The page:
- The Washington Times - Wednesday, April 25, 2012


Several articles in The Washington Times last week underscored the stubbornly high national unemployment rate (8.2 percent) and indications that private-sector employers are putting the brakes on hiring: (“U.S. unemployment claims signal slower hiring,” Web, April 19).

Jobs and the economy are undoubtedly the top issues this election year. Some debate has focused on the costs of free trade and the outsourcing of American jobs overseas, particularly to newly emergent economic powerhouses such as India and China.

However, there is a new, growing trend taking root across the country: insourcing. As the executive vice president and America’s regional head for Tata Communications, a global telecommunications and enterprise IT operating company of the $83.3 billion Tata Companies, I see the other side to this story every day in our U.S. headquarters in Northern Virginia.

Indian companies, including my employer, are among the fastest-growing job creators in the country. Indeed, research by the Confederation of Indian Industry shows that just seven Indian firms presently employ more than 65,000 people across the United States, and that Indian companies have invested more than $26 billion in the country in recent years.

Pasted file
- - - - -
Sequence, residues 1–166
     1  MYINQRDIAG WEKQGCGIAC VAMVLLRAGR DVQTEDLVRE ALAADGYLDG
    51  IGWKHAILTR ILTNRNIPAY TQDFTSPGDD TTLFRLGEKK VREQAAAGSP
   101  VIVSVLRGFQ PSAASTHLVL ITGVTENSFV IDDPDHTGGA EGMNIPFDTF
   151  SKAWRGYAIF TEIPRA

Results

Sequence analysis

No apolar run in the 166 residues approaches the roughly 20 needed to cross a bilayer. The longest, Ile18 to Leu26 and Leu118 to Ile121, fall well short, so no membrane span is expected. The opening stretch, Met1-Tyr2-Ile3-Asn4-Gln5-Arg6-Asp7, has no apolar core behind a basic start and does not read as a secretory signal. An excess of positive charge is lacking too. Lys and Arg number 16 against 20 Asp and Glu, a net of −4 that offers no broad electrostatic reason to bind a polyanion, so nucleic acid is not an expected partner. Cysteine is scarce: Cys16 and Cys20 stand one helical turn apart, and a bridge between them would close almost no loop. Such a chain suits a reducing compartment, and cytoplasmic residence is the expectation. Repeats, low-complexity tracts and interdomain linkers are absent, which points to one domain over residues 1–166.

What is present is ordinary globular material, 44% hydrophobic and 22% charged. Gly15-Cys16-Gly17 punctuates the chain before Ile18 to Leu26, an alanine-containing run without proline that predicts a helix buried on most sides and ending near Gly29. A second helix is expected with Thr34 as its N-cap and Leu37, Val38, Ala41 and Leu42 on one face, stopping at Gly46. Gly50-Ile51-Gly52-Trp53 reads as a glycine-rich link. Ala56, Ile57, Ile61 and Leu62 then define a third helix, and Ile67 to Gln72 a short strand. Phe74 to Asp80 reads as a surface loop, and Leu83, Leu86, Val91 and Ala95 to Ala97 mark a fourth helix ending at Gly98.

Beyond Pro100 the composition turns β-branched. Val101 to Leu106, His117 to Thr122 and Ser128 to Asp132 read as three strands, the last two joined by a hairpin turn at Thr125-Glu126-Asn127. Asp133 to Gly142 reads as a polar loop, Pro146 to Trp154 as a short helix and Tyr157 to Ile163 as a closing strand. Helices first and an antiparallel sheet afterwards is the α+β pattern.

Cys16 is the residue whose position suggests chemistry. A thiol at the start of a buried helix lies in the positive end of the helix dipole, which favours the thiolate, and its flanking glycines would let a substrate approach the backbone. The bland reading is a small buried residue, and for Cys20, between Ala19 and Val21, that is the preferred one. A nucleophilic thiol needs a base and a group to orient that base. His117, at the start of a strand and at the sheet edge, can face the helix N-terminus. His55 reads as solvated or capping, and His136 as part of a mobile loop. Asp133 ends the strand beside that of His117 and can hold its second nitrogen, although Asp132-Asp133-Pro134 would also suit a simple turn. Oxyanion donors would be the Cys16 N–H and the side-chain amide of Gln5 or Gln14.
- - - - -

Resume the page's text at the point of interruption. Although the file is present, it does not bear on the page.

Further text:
The majority of our 448 U.S. employees, many of whom are located in Northern Virginia, are American citizens. Tata Communications’ investment in the United States creates jobs, supports the economy and improves the country’s communications infrastructure and connectivity with the world.

The United States remains the world’s largest economy and continues to attract significant foreign investment for good reason. Tata Communications believes the United States is a sound investment, and I hope the country continues to remain open to foreign employers.


Executive vice president, Americas regional head

Tata Communications


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